Baptism Guo Kajia

A Celebration of New Life
Guo Kajia (Monica)

Personal “Faith Story” of Guo Kajia, Chinese High School student from Urumqi, China

When I was a little girl I was very shy, scared and lonely. I felt often that nobody loved me except my Grandma with whom I was living at the time when my parents were soldiers in the “People’s Liberation Army” stationed in another province. At the age of 6 my Grandma and my Mom told me about God who created us and we often prayed together. I always wondered what would happen to me in the future. But as I was growing up I lost my desire for Jesus and turned away from Him. I further lost my enthusiasm for study and did not obey my Mom’s wishes and started to rebel against my parents’ authority. I also lost my self-worth and confidence and as result of that I always felt very tired and negative to everyone around me.

At the age of 16 I went by myself to church and talked in great lengths with the pastor. I shared with him many of my shortcomings and hurts I felt inside my heart. The pastor encouraged me to go to God in prayer and repent of my sins and ask Him for forgiveness, which I did. To my amazement when I returned home my parents told me that they were forgiving me for my rebellious attitude. My Mom told me later that she was praying for me during the same time when I was at the church without knowing that I was there.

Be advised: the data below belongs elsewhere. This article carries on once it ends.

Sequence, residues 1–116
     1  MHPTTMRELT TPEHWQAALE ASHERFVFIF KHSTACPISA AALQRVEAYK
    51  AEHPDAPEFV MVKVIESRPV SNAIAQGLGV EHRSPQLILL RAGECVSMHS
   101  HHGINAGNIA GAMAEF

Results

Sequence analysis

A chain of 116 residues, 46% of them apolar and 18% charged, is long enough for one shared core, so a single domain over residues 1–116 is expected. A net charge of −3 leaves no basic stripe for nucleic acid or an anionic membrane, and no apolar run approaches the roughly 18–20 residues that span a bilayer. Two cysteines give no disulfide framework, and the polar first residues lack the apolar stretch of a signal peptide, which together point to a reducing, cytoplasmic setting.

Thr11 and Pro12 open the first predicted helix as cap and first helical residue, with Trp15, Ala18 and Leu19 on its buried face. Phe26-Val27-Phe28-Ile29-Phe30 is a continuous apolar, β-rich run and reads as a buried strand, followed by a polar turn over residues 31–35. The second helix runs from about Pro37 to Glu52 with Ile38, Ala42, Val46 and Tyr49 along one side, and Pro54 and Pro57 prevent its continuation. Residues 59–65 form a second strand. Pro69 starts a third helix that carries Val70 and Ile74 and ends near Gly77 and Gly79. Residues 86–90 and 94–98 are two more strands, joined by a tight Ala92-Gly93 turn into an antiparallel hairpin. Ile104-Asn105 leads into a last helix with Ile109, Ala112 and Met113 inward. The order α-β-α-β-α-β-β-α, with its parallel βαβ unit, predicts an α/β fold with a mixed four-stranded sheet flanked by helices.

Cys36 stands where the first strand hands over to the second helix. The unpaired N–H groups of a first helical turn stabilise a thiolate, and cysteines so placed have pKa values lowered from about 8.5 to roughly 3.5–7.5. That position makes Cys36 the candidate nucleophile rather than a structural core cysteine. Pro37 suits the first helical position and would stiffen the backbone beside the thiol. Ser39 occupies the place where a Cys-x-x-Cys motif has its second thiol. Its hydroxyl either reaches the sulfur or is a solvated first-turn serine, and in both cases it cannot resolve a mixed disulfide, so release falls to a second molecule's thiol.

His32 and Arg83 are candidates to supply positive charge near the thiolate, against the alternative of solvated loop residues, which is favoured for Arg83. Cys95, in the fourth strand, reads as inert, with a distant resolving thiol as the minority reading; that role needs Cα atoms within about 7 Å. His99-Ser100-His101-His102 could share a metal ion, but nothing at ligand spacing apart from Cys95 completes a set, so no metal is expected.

In the summer of 2006 I met Rolf & Sherri Ronstadt who were English teachers in my school. Mr. Ronstadt shared with me many things about God, gave me a NIV Study Bible and a “Jesus” DVD movie. He also told me how I could know God personally as my Lord and Savior. Once I understood that God gave his own Son to die on the cross for my sins I was ready to invite Jesus in my heart. One day after school Mr. Ronstadt prayed with me to receive Jesus and I began my personal relationship with God trusting Him with my life and to be His child forever.

Thanks for being a part of making His salvation known among the nations!!

Building Leadership Communities and Citywide Movements

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Filed under chinese culture, workplace insights

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